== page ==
>Back from hell and reporting for duty. “Thanks for the food,” you say, actually pretty grateful, “It was good.”“Glad you enjoyed it,” she says, affecting a curtsey and murmuring something in French that you won’t pretend to understand. You blink, and fix her with a look, curious. The ponytail seems like a weird change considering…“Wait…” you murmur, raising a hand in puzzlement, “You didn’t make that yourself, did you?”She cocks an eyebrow at you and you think you see the corner of her mouth twitch.“Does it truly matter?”“Well, kind of,” you shrug, “I mean, I’d probably feel obliged to compliment your culinary skills for one thing.”She titters, leaning over as if to stifle it from becoming a bark of laughter, “Perhaps you would. And in such an event, I’d probably feel quite flattered at the compliment.”“You know, it really isn’t that big of a deal,” you say, working your jaw around, “If it was you: thank you for making it. Even if it wasn’t: thank you for bringing me everything anyway.”“You’re welcome,” she says, her smirk now giving way to a soft grin before she picks up the tray with the empty plate and glasses and turning on her heel, sauntering out of the ward.“I wouldn’t chat for too long,” she says over her shoulder as she leaves, “You do need your rest, after all.”You refrain from asking what the point of all that was. You doubt you’d get a straight answer and, for now, that’s okay. Maybe she’s been playing this whole spy game for so long that she just can’t help herself. Or maybe she just likes screwing with people. You’re certain you won’t find out any time soon.“So, she is gone,” says Iszolda, startling you. Quite honestly, you’d forgotten she was even there, so quiet she’s been, “We are alone. There are no prying eyes or ears. I would appreciate hearing what you have to say, please.”>Christ, you actually have nothing better to do, do you?>Fine. I guess I did say that I’d tell you.>Why are you so determined to pursue this, anyway?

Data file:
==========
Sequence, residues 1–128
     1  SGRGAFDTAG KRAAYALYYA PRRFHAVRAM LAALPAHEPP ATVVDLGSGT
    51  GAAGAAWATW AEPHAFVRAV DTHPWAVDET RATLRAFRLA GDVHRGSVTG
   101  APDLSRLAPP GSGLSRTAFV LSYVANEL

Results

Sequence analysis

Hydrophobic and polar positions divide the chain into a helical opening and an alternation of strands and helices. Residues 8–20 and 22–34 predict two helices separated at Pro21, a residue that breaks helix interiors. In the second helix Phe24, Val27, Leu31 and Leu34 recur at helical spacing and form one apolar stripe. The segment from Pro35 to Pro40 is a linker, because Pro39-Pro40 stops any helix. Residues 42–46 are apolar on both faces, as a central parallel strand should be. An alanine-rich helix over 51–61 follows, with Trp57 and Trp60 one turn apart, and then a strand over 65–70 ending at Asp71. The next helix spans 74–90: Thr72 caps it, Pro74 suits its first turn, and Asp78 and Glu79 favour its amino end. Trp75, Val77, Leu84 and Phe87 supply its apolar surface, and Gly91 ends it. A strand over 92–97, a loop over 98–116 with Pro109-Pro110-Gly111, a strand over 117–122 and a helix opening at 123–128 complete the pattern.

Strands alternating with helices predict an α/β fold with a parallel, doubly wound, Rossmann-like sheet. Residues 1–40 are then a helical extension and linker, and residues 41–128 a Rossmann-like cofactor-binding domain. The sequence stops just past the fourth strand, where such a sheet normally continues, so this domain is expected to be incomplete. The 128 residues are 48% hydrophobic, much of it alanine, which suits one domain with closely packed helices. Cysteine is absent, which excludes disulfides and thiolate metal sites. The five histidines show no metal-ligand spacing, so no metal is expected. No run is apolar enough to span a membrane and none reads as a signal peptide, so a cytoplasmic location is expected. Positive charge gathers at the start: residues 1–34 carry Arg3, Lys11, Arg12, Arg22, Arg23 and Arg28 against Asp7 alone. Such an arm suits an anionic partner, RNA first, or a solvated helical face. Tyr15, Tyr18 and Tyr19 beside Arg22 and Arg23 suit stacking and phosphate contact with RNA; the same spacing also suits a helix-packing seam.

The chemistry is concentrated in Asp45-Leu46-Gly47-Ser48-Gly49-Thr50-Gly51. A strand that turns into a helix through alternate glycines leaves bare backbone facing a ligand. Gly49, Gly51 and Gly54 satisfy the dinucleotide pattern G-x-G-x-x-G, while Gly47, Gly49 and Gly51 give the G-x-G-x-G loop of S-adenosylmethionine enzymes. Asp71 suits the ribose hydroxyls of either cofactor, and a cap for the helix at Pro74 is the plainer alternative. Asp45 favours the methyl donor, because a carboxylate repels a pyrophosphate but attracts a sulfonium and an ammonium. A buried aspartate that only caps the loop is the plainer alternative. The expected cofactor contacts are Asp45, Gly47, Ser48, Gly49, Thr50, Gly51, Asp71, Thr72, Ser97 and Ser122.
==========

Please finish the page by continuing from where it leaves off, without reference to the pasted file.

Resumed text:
Links:Twitter: https://twitter.com/FrostyZippoArchive: http://suptg.thisisnotatrueending.com/qstarchive.html?tags=Paranormal%20Agent%20QuestFirst thread: http://suptg.thisisnotatrueending.com/qstarchive/2907129/
>>3264631>Alright, take a seat it'll be a long story.Welcome back Zippo.
>>3264638Nice to be back
>>3264631>Hope you're ready for one hell of a ride.>>3264682Good to have more stuff distracting my from my dental surgery pains. Even better that it's something I like.
>>3264768Dental Surgery? Shit man I had that stuff last month, I hope you'll pull through okay.
>>3264806You'd think something with warnings about being an opioid would have better effects on pain. Honestly I don't even want to take them all that much because they make my stomach upset, and they taste awful.I'll be fine though, I've had WAY worse pain.
>>3264631A part of you wants to argue, to ask why the hell she seems to care so much. But you’re tired, and another part of you thinks that she deserves an answer for waiting as long as she has for an answer.“Yeah,” you say, feeling your throat dry up, “All right. Best uh… best take a seat,” you say, gesturing to the chair that the old man and then Arnold had occupied earlier, “it’s going to be a long story.”Iszolda complies and parks herself on the chair, smoothing down her deep blue dress and folding her hands across her lap looking very much like a patient schoolteacher about to hear out a rowdy student’s baloney tale. You don’t know why that’s the image that came to mind. Not like you ever stuck around at any school for long enough to see what that was like in person.You decide to start with a preamble.“My father was a good man. The best man. His job kept him busy a lot of the time, but he always found time to mess around with this little bastard,” you half-grin, pointing to yourself with a thumb, “Everything I know today is springboarded off of what he taught me.”“Your magic?” She probes, and you nod in response. For a moment your vision blurs and you fight the tears welling up as the memories rush back. Try as you might, it’s locked in place. A dirty little corner in the recesses of your mind that you’ll never be able to scrub clean; not with drink, not with sex, not even with the rush of a successful hustle.And so, biting back the bubbling well of emotion, you open your mouth and begin to tell a story of a blazing hot summer day…>You were on your way back from hanging out with your pals at an old construction site. You were in good spirits, if a little bruised.>You were heading back from a girl’s home… Wendy, you think her name was. You were flush with confidence and swaggering on back home like the world was your oyster.>You had achieved your first successful con and it went off without a hitch. You had taken 50 dollars and no one had suspected a thing and you were oh so rightfully proud.
>>3265056>You had achieved your first successful con and it went off without a hitch. You had taken 50 dollars and no one had suspected a thing and you were oh so rightfully proud.I like to think that this was when our dad really metaphorically beaten into our heads that magic ain't to be lightly fucked around with.